ISSUED OR ALLOWED PATENTS NOT INCLUDED IN CURRENT INTERFERENCE
ISSUED, OR ALLOWABLE PATENTS/APPLICATIONS INCLUDED IN CURRENT INTERFERENCE
Interference Process and Timeline
The interference process generally takes approximately two years to complete from its declaration through a final decision by the PTAB and has two phases. During the first phase, also known as the motion phase, the PTAB may consider motions filed by the parties seeking to, among other things, terminate the interference or invalidate the other party’s patents, add or exclude certain patent claims, redefine the invention count, and seek a different seniority designation. In this interference, for example, the parties could seek to change the PTAB’s preliminary senior and junior party designations, which would impact the burden of proof in the second phase of the proceeding. In the second phase, known as the priority phase, the PTAB determines the ultimate issue as to which research team first invented and, therefore, is entitled to the patents covering the use of CRISPR/Cas9 in eukaryotic cells. That is, at the conclusion of the interference, the PTAB will determine whether the 10 patent applications covering the use of CRISPR/Cas9 in eukaryotic cells should be issued as patents to the UC Group. And, if that is the case, whether the Broad should lose its current patents that purport to cover the same invention.
Intellia’s Rights to UC Group IP
As a sublicensee, Intellia has exclusive human therapeutics rights, with the exception of antibacterial and antifungal applications, to the University of California and University of Vienna’s rights in the UC Group’s CRISPR/Cas9 patents. Separately, Intellia has filed for patents covering its own CRISPR/Cas9 technological innovations, delivery applications and product candidates. None of Intellia’s own patent applications are involved or impacted by the interference between the UC Group’s and Broad’s respective patents and patent applications.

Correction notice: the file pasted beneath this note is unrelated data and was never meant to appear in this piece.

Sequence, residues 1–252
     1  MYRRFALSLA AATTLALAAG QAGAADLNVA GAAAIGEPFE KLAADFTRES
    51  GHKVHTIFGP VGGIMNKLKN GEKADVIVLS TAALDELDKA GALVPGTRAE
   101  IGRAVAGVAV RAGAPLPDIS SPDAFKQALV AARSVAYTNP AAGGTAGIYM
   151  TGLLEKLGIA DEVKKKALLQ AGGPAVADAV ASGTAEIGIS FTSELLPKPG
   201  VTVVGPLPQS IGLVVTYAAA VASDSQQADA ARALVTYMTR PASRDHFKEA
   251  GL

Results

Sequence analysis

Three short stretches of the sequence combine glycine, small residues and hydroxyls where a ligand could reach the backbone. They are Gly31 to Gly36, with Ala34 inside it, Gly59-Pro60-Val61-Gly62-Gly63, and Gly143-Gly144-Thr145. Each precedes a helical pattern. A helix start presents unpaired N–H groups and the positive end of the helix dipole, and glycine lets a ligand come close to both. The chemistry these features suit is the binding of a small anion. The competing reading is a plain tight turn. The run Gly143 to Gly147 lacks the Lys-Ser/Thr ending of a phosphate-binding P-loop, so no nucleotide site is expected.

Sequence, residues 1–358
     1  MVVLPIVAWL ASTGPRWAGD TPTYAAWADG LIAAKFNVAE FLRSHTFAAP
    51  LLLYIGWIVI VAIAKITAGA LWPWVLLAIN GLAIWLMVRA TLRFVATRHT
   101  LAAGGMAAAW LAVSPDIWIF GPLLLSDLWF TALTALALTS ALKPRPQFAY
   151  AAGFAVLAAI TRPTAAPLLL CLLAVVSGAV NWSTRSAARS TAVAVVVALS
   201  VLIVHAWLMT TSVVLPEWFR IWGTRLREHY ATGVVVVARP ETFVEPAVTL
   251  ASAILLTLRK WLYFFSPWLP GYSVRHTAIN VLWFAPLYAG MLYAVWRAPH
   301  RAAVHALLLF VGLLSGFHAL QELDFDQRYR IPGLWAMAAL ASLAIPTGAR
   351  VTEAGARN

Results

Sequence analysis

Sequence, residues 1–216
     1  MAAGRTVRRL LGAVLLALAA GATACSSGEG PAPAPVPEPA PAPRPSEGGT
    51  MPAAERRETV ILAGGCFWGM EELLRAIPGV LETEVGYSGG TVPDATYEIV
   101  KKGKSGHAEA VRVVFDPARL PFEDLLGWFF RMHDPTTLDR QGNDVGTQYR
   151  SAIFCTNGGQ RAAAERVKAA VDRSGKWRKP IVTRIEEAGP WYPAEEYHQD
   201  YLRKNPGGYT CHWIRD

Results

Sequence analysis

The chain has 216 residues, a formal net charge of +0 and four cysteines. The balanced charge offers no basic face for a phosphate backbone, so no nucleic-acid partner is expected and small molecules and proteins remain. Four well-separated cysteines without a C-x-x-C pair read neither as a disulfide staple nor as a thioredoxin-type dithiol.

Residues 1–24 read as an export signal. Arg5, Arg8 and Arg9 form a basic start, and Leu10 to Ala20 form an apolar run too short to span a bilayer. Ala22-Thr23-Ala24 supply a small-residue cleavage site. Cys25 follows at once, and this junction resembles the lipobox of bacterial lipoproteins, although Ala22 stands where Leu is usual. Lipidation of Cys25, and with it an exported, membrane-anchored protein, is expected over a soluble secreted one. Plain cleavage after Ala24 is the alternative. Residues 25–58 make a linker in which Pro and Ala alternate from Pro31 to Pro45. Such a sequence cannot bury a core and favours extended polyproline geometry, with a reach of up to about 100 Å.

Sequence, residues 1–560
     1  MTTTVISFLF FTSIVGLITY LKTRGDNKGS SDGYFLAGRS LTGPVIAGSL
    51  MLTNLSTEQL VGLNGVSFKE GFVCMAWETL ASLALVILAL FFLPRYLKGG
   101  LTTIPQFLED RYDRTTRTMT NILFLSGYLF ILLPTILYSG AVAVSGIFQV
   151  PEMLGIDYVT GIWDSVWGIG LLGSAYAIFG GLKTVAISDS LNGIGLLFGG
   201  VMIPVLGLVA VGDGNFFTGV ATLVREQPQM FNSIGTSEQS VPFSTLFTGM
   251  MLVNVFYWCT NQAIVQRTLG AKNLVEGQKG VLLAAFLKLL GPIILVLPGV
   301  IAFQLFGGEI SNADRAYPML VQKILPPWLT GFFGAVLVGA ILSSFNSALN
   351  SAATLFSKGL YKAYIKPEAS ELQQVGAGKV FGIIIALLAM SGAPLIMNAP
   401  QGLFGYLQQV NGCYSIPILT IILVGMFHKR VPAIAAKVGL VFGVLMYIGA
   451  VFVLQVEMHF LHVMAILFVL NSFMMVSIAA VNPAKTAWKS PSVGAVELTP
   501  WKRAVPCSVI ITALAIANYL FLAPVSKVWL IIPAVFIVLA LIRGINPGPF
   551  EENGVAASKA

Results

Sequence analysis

This statement contains “forward-looking statements” of Intellia within the meaning of the Private Securities Litigation Reform Act of 1995. These forward-looking statements include, but are not limited to, express or implied statements regarding the intellectual property position and strategy of Intellia, its licensors or other parties from which it derives rights, including with respect to intellectual property regarding the CRISPR/Cas9 genome editing technology, or that of unrelated third parties; Intellia’s ability to develop and commercialize CRISPR/Cas9-based therapeutic products to address severe and life-threatening diseases; Intellia’s expectations around the potential implications of the interference and the timing of the United States Patent and Trademark Office’s Patent Trial and Appeal Board’s determination; and Intellia’s scientific, business and financial plans and prospects. Any forward-looking statements in this statement are based on management’s current expectations of future events and are subject to a number of risks and uncertainties that could cause actual results to differ materially and adversely from those set forth in or implied by such forward-looking statements. These risks and uncertainties include, but are not limited to, risks related to Intellia’s ability to protect and maintain its position and rights regarding its intellectual property portfolio, risks related to the ability of Intellia’s licensors and other parties from which it derives rights to protect and maintain their intellectual property position and rights, the risk that third parties own or control intellectual property necessary for Intellia to develop or commercialize its product candidates, and the risk that any one or more of Intellia’s product candidates will not be successfully developed and commercialized. For a discussion of other risks and uncertainties, and other important factors, any of which could cause Intellia’s actual results to differ from those contained in the forward-looking statements, see the section entitled “Risk Factors” in Intellia’s most recent annual report on Form 10-K filed with the Securities and Exchange Commission, as well as discussions of potential risks, uncertainties, and other important factors in Intellia’s subsequent filings with the Securities and Exchange Commission. All information in this statement is as of the date of the release, and Intellia Therapeutics undertakes no duty to update this information unless required by law.